Escape: Motorcycle Tour of the Dolomites - The Marriage Counselor

Adventures, with wife, in the Italian Dolomites

Last summer, feeling bold, I asked my wife if she might be interested in a motorcycle tour of the Dolomites. I ask questions like this periodically to test the bounds of what is possible-in the same way one might ask for a lifetime stipend from Bill Gates. It was a Hail Mary of epic proportions.

But sometimes, a ludicrous proposal such as this will ricochet around the firmament and actually come back to earth with a soft landing. To my surprise and delight, she said yes.

So in late September we found ourselves packing motorcycle gear and walking around the house practicing sophisticated Italian phrases like vorrei quello ("I want that"). Upon arrival, Meredith is a little dismayed to discover she is the only woman on the trip, and we are the only two-up motorcycle. The other two riders are commercial pilots (read: need for speed), and have ridden bikes all over the world together. They're friendly enough, but we notice they seem to be sizing us up, as if they had just been put in the company of a wheezing Ural sidecar outfit piloted by the town baker and his wife. It looks like in this group, we're destined to be the ball and chain.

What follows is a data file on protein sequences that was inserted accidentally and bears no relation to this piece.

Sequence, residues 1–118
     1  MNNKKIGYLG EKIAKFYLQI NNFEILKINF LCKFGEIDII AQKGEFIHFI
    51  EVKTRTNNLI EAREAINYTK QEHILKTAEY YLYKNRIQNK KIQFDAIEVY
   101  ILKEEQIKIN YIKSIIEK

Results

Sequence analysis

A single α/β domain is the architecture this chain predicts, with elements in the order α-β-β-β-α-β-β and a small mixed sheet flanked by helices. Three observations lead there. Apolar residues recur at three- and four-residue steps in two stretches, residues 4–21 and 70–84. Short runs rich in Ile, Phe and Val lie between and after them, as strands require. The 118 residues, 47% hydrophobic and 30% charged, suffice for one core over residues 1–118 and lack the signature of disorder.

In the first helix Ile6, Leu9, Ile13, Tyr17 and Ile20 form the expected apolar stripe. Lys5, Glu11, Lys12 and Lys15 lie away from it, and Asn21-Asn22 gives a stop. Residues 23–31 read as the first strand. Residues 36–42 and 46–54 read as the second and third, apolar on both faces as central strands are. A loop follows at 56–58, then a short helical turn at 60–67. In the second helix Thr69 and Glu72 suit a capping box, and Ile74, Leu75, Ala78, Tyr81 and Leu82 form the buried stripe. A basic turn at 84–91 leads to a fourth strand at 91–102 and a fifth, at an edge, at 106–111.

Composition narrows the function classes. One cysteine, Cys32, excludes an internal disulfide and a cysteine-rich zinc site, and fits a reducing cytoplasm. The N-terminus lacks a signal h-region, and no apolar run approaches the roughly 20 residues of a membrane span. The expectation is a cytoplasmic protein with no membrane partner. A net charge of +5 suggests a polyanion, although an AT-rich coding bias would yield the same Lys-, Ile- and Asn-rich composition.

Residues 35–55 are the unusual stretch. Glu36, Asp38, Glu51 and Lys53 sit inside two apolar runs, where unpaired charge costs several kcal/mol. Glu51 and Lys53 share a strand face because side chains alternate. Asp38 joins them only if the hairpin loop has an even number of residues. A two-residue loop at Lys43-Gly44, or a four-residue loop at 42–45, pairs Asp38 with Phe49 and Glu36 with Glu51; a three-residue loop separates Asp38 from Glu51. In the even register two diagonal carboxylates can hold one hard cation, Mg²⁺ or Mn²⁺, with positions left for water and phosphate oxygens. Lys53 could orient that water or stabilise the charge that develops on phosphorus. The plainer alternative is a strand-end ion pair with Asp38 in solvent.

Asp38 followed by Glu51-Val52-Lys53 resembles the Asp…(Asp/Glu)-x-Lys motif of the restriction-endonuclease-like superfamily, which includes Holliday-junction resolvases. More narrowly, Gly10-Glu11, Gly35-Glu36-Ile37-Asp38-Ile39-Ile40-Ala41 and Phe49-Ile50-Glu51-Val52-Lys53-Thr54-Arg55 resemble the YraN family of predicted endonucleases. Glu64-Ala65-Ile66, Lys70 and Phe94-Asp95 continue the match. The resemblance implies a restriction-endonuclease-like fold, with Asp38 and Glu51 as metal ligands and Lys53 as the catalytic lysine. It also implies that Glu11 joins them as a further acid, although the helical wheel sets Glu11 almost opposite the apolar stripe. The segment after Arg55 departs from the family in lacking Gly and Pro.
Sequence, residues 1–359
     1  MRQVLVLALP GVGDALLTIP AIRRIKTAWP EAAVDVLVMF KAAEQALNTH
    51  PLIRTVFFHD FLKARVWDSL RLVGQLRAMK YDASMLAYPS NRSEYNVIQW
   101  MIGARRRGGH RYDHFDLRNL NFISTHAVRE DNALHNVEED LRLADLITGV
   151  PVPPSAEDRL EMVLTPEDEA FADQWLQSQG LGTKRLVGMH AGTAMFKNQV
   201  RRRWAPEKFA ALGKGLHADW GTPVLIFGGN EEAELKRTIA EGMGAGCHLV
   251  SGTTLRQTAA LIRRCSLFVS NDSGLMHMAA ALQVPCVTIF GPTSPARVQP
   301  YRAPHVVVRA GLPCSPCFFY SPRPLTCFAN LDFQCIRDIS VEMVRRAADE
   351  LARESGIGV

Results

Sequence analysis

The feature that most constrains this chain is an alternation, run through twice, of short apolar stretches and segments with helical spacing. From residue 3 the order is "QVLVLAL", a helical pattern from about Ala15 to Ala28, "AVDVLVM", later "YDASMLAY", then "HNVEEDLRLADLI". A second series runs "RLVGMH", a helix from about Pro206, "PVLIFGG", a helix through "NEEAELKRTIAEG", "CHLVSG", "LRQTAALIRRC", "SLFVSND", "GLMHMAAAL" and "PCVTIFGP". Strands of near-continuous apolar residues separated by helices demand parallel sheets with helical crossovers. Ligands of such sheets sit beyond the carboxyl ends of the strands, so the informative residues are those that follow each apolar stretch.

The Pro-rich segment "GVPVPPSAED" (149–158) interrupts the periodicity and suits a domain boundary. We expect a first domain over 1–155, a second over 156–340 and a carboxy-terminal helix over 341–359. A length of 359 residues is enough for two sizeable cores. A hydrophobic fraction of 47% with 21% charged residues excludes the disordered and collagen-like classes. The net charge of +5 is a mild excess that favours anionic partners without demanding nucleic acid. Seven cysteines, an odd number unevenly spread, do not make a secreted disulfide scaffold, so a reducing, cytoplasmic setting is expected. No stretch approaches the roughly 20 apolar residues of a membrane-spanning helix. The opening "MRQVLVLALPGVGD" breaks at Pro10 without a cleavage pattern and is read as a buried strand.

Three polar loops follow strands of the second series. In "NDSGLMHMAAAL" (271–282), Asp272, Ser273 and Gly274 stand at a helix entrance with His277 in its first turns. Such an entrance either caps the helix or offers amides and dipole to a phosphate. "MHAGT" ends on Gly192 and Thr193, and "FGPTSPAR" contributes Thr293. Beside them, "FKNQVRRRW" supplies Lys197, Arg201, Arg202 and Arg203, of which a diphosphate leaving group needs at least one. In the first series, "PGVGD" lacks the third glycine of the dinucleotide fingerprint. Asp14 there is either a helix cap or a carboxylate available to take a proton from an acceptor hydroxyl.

Once underway, we consistently bring up the rear. At every intersection, the boys and our guide are waiting for us. They tell us the delay is never more than a couple minutes, but I suspect they're being charitable. When we get underway again, they're gone like a vapor trail.

But pretty soon, a funny thing begins to happen. As we crest each pass-dizzying, snow-capped peaks all around-I can see the boys up ahead. They are just getting off their bikes, undoing their helmets. As we round the last bend, they raise their arms in celebration of another summit. After this Sir Edmund Hillary reenactment occurs a few more times, it occurs to me that it's us that they are celebrating. Could it be that the dim-witted baker and his wife are showing some surprising alacrity up these alpine roads, after all?